Coroner’s office orders inquest into 2019 killing of Montreal woman and her two sons

Montreal police say officers discovered the bodies after they entered the home. Yannick Gadbois/Global News

Warning: Some of the details in this story may be disturbing to some readers. Discretion is advised.

Quebec’s chief coroner, Pascale Descary, has ordered a public inquest into the 2019 killing of a Montreal woman and her two young children.

The coroner’s office said Wednesday the inquest will also probe the suicide of the woman’s husband, who is believed to have killed his family before taking his own life.

Coroner Alain Manseau investigated the four deaths and his report was released Wednesday.But without giving details, Descary’s office said new facts have recently come to light that require further investigation.

Manseau’s report is critical of Quebec’s prosecution service and a Quebec court judge, saying they could have done more to prevent the deaths of Dahia Khellaf and her sons, Adam, 4, and Aksil, 2.

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Manseau concluded that they had been strangled to death and that Nabil Yssaad was likely the killer. The couple had separated at the time of the killing and Khellaf was in the process of divorcing her husband.

Yssaad died after he jumped from a sixth-floor window at a hospital south of Montreal a day before the bodies were discovered.

According to Manseau’s report, police went to Khellaf’s home after Yssaad’s death to notify his family and to formally identify the body, but they received no answer when they knocked at the door. Police returned the next day, Dec. 11, 2019, and discovered the three bodies.

Five days before the killings, Quebec prosecutors dropped four charges against Yssaad — including assaulting and threatening Khellaf — after he agreed to sign a peace bond. The bond barred Yssaad from contacting Khellaf or being within 100 metres of her house.

But Manseau said the peace bond was “nothing more than a judicial placebo” without court-ordered treatment for Yssaad’s mental health issues or an electronic tracking bracelet.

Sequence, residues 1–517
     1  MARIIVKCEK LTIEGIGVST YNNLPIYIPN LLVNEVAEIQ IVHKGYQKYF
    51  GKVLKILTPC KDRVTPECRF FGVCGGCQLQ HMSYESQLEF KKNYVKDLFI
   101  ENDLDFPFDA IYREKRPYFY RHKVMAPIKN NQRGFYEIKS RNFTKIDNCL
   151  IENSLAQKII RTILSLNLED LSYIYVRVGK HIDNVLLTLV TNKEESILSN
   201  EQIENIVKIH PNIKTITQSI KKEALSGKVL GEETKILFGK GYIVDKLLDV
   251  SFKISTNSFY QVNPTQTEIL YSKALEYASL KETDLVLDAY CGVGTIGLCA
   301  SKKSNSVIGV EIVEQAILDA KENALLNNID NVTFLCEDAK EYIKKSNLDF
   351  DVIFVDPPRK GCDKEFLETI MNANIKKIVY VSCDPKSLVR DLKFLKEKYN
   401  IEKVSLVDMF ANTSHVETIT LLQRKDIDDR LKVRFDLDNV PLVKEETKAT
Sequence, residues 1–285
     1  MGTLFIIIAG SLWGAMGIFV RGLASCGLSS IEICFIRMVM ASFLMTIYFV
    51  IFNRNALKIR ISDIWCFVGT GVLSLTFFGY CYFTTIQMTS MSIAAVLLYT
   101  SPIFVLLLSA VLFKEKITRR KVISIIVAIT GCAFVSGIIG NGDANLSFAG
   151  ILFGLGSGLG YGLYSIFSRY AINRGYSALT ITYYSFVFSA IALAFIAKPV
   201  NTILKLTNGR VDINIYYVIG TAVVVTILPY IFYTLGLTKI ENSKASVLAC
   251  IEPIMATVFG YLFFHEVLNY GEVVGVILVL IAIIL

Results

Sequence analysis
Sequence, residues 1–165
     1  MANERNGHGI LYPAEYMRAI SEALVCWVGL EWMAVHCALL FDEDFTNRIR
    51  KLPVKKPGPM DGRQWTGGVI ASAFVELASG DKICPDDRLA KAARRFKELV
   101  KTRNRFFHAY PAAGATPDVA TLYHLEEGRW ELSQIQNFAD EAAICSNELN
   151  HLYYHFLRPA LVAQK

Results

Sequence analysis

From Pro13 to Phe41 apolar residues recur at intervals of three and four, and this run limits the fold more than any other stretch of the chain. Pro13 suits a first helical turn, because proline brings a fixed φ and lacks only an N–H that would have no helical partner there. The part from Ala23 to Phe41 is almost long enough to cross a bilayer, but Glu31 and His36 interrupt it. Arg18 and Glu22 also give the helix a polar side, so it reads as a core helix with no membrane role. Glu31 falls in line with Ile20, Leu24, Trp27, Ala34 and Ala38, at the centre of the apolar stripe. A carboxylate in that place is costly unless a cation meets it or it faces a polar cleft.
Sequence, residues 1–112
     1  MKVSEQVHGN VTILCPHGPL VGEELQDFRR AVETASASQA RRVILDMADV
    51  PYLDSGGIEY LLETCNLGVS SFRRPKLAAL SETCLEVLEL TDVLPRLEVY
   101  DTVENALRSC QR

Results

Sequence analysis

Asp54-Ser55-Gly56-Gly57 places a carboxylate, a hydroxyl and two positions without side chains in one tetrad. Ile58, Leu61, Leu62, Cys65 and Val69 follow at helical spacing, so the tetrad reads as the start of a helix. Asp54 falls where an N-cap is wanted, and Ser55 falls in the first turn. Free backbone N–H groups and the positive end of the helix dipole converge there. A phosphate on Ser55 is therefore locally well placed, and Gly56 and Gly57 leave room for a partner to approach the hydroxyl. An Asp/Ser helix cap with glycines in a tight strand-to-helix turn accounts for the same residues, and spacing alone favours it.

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“The imposition of these conditions could have prevented the death of a mother and her two children, which occurred only a week after the conclusion of the criminal case,” he wrote. Yssaad’s copy of the peace bond was found at the scene of the crime.

Quebec’s prosecution service said in a release Wednesday that use of a tracking bracelet for suspects in domestic violence cases was not an option at the time of the killings.

It described Manseau’s report as being “based on factual and legal errors and on a misunderstanding of our guidelines, of the practices applicable to domestic violence, of the practice of criminal law and of the legal framework to which we are subject.”

The coroner’s office said the inquest could arrive at different conclusions than Manseau.

If you or someone you know is in crisis and needs help, resources are available. In case of an emergency, please call 911 for immediate help.

The Canadian Association for Suicide PreventionDepression HurtsKids Help Phone 1-800-668-6868 all offer ways of getting help if you, or someone you know, may be suffering from mental health issues.

If you or someone you know is scared at home or is suffering from domestic violence, call 1-800-363-9010 or get more information here.


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